updated 03:10 am EDT, Thu October 7, 2010
Sony 16MP cameraphone sensor due in months
Sony tonight unveiled camera sensors that it says could overcome many of the traditional barriers for phone cameras. The 16.41-megapixel IMX081PQ is Sony's first Exmor R-based CMOS sensor for a phone and uses the back-illuminated sensor to cut back significantly on noise. A unique photo diode positioning has let Sony achieve high image quality even with photo cells as small as 1.13 micrometers.
Even with the density, the sensor can still shoot 1080p video at 30 frames per second. A new, very thin lens system keeps the thickness to 7.9mm (0.31in), which while not thin doesn't protrude as much as previous phones.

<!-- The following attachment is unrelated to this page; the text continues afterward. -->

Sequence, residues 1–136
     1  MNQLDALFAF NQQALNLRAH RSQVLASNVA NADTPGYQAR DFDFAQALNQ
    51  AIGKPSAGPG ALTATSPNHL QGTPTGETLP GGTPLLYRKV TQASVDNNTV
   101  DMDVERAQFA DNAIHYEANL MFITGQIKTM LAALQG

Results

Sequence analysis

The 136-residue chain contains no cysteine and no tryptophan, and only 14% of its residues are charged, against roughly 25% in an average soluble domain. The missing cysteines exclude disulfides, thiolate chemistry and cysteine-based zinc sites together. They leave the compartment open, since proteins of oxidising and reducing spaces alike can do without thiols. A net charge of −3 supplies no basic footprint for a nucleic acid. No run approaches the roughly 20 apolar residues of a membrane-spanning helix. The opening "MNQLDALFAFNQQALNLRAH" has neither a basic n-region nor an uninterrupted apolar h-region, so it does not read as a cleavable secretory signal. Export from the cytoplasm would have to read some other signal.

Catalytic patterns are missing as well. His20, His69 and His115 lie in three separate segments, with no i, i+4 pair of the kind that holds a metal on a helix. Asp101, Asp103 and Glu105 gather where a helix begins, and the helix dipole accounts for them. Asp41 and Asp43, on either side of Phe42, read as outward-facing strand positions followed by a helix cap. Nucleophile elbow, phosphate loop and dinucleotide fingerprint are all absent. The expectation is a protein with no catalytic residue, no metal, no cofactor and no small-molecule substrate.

Another, noticeably smaller 8.13-megapixel design, the IMX105PQ, is tailored for smartphones where space is at a high premium. Combined with its own thin lens, it could fit into a 5.67mm space while still offering most of the benefits of the 16.4-megapixel option, including the Exmor R design and high light sensitivity.
Sample production of the 16.41-megapixel and 8.13-megapixel sensors won't ship until January and April respectively, when individual sensors will cost $30 and $18 without a lens. Adding the optics will boost the prices to $145 and $97. These prices should fall significantly once the devices are made in large volumes and discounted for the economy of scale.
No customers are known, other than likely Sony Ericsson, but the sensors could be serious contenders versus the OmniVision sensors that have been staples of the iPhone since launch. Apple isn't so far expected to adopt Sony's sensors, but it has been a fan of image quality over sheer resolution and may be eager to offer both in a phone. OmniVision hasn't yet directly responded with an alternative.